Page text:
Love does funny things to people. But when you’re a married cop investigating a crime, falling in love with a prime suspect makes things extra convoluted. That’s what happens to South Korean officer Hae-jun (Park Hae-il) while he’s investigating the death of a businessman in what appears to be a mountain climbing accident. The moment he meets the dead man’s Chinese wife, Seo-rae (Tang Wei), something stirs in him that soon grows to be a sort of obsession.
The fact that Hae-jun works in another city, Busan, while his wife remains in Ipo adds a bit of strain to their marriage even though his wife (Jung Yi-seo) clearly adores and dotes on him. She attributes her husband’s gloomy mood to a lack of excitement (read: violent cases involving death). Perhaps there’s some truth to that but clearly, Hae-jun is an astute detective who loves the crime-solving aspect of his job. When we see him, however, he’s suffering from insomnia which seems to be made worse by the constant commute to work through foggy roads. Is he suffering from brain fog caused by overwork or stress? Or is his repressed feelings for Seo-rae clouding his sound judgments?
I LOVE the premise of this romance-whodunit from Park Chan-wook, who’s got a reputation for creating violent thrillers thanks to Oldboy and his Vengeance Trilogy, as well as dark sexually-charged ones like Stoker and The Handmaiden. I was introduced to his work via Stoker, which is quite violent for my taste, and The Little Drummer Girl miniseries.
I read in an article that Chan-wook decidedly subdues the graphic violence and sexuality in this one to appeal to broader audiences, as in someone like me who’d be averse to something too gory. There’s a heavy Hitchcockian noir vibe here, especially with a beautiful woman at the center of the story. But his inspiration actully came from the Swedish detective novels Martin Beck from the 60s, in fact, per IMDb, his pitch was “what if Martin Beck fell in love with a suspect?”
I won’t go into details about the plot as this is a film that is best to experience knowing as little as possible. What I can say is there’s a mesmerizing quality to how everything unfolds. The dynamic camerawork with the zooming and crossfades technique and stunning cinematography by Kim Ji-yong adds to the film’s riveting energy. The level of craftsmanship and artistry of the film just astounds me… the scenes on the mountain are especially dazzling, and I love the dream-like quality that reinforces the sense of enigma even further.
The way Chan-wook toys with our sense of place and time can be both frustrating and captivating. At times it’s hard to decipher whether the two leads are actually together or not at a given moment but I think that’s by design. In an age of instant gratification and hypersexualized media, the chaste nature of their affair feels refreshing and intoxicating.Akin to Jane Austen period dramas where every stolen glance or illicit hand touch exudes sexiness, there’s something so beguilling about Hae-jun and Seo-rae’s simmering passion.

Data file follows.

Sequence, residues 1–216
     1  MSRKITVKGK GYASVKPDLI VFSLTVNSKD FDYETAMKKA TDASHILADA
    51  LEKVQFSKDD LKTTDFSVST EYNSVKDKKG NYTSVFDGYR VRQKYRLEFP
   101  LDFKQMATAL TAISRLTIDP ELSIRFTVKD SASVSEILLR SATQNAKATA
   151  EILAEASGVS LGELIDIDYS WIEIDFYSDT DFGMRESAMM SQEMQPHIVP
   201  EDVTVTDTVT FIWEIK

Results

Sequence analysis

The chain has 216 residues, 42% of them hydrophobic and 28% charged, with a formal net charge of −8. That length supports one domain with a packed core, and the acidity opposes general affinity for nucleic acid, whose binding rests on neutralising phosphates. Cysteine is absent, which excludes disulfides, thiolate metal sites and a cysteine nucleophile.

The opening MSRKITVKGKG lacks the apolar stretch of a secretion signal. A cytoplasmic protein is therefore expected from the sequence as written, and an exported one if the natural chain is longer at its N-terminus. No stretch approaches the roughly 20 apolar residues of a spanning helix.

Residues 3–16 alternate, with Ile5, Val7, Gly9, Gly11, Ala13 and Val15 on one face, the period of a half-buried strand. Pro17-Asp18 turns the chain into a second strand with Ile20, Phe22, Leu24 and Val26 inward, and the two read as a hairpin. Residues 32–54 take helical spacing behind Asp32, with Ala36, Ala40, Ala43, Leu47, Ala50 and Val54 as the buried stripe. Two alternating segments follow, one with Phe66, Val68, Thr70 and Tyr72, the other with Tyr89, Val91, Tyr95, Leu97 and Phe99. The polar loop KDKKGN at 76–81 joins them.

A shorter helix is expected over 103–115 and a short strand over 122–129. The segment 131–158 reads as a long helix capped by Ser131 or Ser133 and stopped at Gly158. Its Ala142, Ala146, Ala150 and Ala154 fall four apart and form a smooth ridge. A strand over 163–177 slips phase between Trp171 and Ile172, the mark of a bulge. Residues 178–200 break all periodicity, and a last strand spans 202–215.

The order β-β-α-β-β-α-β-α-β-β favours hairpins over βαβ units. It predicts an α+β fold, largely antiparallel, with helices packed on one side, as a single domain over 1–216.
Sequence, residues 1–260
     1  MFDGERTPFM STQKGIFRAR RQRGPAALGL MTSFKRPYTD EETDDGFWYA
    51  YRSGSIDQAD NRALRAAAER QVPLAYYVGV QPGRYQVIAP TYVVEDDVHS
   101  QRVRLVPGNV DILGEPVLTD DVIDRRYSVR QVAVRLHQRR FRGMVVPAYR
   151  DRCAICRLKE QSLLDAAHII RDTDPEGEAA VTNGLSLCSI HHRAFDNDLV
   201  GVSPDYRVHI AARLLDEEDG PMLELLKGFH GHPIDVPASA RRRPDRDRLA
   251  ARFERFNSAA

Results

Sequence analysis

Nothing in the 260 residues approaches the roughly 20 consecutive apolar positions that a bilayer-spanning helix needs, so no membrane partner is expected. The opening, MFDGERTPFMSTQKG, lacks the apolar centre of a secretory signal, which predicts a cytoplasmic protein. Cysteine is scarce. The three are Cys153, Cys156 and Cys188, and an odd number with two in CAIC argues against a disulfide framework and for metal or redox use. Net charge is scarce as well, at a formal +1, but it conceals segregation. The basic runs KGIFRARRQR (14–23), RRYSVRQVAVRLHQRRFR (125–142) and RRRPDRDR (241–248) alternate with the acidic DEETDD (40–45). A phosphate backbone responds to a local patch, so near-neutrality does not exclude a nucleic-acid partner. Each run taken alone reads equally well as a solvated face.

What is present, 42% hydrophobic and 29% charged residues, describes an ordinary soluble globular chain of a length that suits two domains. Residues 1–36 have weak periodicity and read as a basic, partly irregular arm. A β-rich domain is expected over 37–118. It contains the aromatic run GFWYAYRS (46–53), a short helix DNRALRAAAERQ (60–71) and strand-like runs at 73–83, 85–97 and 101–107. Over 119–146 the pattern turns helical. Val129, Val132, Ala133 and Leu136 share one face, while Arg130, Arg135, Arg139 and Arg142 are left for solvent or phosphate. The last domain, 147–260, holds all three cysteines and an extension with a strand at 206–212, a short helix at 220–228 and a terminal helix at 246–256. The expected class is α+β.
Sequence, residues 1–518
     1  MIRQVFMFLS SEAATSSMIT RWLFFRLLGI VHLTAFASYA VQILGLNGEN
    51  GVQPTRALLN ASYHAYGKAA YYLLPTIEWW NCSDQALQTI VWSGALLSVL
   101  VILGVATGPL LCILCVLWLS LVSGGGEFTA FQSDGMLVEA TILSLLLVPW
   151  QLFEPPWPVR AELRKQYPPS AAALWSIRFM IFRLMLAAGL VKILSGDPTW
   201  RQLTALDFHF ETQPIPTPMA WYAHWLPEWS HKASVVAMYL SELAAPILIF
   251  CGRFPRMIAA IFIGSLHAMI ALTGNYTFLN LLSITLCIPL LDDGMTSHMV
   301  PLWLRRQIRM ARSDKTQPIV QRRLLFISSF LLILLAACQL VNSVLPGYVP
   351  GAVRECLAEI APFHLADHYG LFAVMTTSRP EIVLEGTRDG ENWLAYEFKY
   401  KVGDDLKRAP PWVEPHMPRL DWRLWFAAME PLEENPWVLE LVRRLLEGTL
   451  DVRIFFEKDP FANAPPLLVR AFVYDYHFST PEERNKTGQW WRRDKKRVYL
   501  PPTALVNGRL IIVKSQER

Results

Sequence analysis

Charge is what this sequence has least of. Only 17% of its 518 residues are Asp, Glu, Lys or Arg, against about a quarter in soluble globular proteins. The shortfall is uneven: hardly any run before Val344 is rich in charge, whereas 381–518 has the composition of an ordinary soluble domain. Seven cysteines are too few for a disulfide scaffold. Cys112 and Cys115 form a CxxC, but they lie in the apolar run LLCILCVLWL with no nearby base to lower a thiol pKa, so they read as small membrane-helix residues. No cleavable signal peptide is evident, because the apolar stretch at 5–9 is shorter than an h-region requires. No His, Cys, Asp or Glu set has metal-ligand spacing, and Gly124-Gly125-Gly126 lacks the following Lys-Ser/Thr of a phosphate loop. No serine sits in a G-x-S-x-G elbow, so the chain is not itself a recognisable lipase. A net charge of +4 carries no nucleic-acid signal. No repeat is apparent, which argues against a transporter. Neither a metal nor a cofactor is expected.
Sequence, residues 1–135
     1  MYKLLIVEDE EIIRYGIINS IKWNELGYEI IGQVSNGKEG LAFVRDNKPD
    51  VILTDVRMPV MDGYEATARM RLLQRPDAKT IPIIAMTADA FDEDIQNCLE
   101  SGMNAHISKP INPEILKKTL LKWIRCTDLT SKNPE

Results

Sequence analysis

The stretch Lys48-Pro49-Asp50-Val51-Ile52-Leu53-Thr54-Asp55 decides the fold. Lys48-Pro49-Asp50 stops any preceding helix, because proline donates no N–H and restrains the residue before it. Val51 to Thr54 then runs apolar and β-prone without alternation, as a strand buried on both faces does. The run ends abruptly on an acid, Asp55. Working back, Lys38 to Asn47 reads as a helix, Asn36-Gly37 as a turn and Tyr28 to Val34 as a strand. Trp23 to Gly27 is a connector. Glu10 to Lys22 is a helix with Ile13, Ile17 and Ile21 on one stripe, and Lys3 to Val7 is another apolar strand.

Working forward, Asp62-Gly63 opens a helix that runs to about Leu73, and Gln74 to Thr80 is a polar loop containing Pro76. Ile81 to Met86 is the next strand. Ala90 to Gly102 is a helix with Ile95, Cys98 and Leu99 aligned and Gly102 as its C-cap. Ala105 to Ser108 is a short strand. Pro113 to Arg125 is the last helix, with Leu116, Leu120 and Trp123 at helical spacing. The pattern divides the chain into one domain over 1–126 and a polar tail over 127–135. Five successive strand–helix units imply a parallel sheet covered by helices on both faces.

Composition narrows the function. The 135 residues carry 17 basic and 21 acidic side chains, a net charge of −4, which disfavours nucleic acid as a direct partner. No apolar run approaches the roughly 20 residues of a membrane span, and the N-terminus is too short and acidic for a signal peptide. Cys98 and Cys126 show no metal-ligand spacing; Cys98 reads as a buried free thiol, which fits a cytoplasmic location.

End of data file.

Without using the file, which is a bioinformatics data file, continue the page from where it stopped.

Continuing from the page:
Great casting always makes all the difference and both Park Hae-il and Tang Wei are excellent here, boosted by their strong chemistry together. The mild-mannered Hae-il internalizes everything, but his body language speaks volumes that this case and being with Seo-rae is messing with his head. Wei is magnetic and alluring as the femme fatale in this modern noir. Her come-hither look feels natural and not manufactured, and she uses it well. I’ve shortlisted her as the top 5 Best Breakout Performers of last year even though she’s had over 20+ films under her belt.
Seo-rae is a seductively beautiful woman, but there’s more depth to her character and Chan-wook subverts our expectations of such an archetype. The fact that her character is Chinese and she struggles with her Korean, constantly relying on the translation app on her mobile phone, makes her human and somehow relatable. But the language barrier complicates the case as things easily get lost in translation. As an immigrant living in the US where English is not my mother tongue, I think it’s brilliant to incorporate that language miscommunication aspect into a murder mystery.
Decision To Leave is South Korea’s official submission to this year’s Oscars in the ‘Best International Feature Film’ category. I love it so much it’s on my Top 10 Best of 2022. It’s truly a travesty that The Academy failed to recognize this film, which would’ve even been worthy of inclusion in the Best Picture category. It’s truly one of the best of 2022, and I’d say the same about the astounding score by Jo Yeong-wook that I’ve highlighted here. I’d even boldly say I like this one far more than Parasite, a film I appreciate but unlikely to watch again. It’s got everything one would want in a neo-noir… it’s stylish, mysterious, heart-wrenching, and romantic, with a shocking finale I didn’t see coming. It’s also one of the best-looking films I’ve seen this year and one I’m keen on watching again one day.
Have you seen Decision To Leave? What did YOU think?